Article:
Purveyor of Bollocks to the Crowned Heads of Europe
Sunday, 8 April 2012
Last night's 18th birthday party went well, and faces that I remember as 5 year-old girls and boys at themed parties (the 'Hawaiian' one was memorable) turned up all these years later looking almost grown-up.
Luckily, none of us real grown-ups remembered the face (or any other part) of the girl who turned up wearing the shortest and tightest hot-pants I have ever seen outside of a magazine, so we didn't feel too guilty - even when being scolded by the lady grown-ups for gawping at her.
A handful of us stayed in the kitchen drinking wine as the kids worked themselves into a frenzy in the living room by downing various types of foul cocktails and singing along to re-mixed versions of old classics. At one point, I actually thought that 'Try A Little Tenderness' had got jammed on the sound system until I realised that one line had been sampled over and over again and set to inhumanly fast, electronic drums. Thank God I didn't go in and try to look for a bit of fluff on the needle.
Occasionally, one or two would come into the kitchen to be introduced by the Birthday Girl, whilst in search of the strongest alcohol available. I had brief - very brief - snatches of conversation with some of these kids, and actually met one who had not heard of 'The Beatles'. She had heard of John Lennon, but only had a vague recollection of the group. Q: 'Where were you when John Lennon was shot?' A: 'In the Ether'.
By about 10.30, all the kids had been slung out and let loose on the town, leaving a smattering of tired old people to have heart-to-hearts in the cold, damp and dark garden, over cigarettes and more wine, vowing to leave the clearing up until the following morning.
The last party I went to involving all these kids was about 3 or 4 years ago, and was held one warm summer evening in a biggish garden with a marquee, in the countryside just outside Frome.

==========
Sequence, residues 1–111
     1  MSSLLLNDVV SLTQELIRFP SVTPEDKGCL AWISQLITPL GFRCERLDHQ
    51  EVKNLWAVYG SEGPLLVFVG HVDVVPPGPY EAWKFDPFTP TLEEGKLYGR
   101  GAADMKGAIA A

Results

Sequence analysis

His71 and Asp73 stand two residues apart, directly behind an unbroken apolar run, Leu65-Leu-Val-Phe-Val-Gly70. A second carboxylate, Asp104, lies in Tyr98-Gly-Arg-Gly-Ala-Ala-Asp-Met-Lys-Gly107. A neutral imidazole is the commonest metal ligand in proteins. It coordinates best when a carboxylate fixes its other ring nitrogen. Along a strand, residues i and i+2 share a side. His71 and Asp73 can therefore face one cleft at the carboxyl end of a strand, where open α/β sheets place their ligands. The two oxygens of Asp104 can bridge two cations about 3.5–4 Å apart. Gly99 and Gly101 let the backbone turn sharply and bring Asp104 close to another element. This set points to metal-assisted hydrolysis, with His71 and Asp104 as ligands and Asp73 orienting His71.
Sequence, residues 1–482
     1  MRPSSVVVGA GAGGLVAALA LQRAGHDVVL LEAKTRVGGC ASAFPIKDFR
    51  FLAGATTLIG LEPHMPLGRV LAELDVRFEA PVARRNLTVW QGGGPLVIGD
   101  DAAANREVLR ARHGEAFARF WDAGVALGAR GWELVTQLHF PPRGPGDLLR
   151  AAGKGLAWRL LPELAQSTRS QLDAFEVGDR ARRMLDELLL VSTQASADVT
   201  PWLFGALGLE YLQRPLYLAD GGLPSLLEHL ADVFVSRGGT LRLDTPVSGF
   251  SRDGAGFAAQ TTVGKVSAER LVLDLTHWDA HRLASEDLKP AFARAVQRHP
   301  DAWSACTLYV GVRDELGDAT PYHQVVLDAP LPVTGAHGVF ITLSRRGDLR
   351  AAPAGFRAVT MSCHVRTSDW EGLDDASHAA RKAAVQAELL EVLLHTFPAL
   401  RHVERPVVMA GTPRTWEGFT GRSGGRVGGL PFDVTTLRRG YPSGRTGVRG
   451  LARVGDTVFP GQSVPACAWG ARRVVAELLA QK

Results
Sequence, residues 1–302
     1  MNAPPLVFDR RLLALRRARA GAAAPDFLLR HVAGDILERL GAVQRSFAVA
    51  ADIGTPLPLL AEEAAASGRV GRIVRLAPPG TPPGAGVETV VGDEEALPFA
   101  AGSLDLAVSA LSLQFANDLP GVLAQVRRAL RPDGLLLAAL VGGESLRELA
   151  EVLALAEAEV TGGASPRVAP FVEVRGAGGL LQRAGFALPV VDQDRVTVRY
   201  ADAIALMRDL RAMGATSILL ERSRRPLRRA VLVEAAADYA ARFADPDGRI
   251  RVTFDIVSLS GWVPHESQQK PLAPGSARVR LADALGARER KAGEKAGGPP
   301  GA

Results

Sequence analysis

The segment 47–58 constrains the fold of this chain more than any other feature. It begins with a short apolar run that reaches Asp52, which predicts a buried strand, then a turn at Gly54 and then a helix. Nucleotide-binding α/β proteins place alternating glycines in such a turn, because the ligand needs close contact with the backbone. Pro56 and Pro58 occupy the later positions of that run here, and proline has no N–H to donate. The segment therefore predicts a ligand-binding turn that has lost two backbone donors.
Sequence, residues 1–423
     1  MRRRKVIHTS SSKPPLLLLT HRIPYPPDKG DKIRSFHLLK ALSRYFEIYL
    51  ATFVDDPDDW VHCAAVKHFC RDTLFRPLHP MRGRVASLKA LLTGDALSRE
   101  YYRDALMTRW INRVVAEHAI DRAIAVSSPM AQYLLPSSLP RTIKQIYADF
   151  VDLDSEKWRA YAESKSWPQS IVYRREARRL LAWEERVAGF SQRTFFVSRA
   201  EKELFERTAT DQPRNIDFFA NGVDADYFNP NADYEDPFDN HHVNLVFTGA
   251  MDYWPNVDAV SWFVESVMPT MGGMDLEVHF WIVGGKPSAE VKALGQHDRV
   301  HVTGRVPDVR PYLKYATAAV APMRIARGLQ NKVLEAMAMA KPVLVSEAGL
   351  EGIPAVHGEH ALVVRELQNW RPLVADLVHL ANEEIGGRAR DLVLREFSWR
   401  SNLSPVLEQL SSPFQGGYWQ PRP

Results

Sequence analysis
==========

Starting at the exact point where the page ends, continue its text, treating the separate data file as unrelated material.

Us grown-ups began to get suspicious at around sundown, when all the children (for that's what they were then) began to get very boisterous indeed - too boisterous for their behaviour to be blamed on sugar consumption.
Of course, many bottles of strong cider had been smuggled in and covertly drunk in dark corners of the shrubbery, and they had also been supplemented by about 4 bottles of neat vodka, one of which was stolen from the parent's own cabinet.
Things came to a head as - one by one - all the kids began vomiting without warning wherever they stood or sat, and I am proud to say that my girl was the only one of them not to throw up at all.
I was sitting on a plastic chair making polite conversation to my friend's six foot two inches tall, 14 year-old daughter (!) who sat beside me, when halfway through a sentence, she threw up over my shoes.
Shortly afterwards, another girl who I chatted to suddenly leapt to her feet and ran across the lawn to throw herself head-first into a bush, where she chucked her guts up theatrically on all fours.
Pretty soon, us tipsy but semi-capable professional drinkers were on the phone, calling up all the parents and telling them to bring wheelbarrows to remove their children from the garden, where they all lay about like casualties in a war-zone.
One set of parents considered getting the police involved the next morning, but I don't think any blame could have been placed on a single adult or juvenile, so the threat was withdrawn.
Drinking like that must be like starting to drive a car or ride a motorcycle - so much more exciting when you are not very good at it.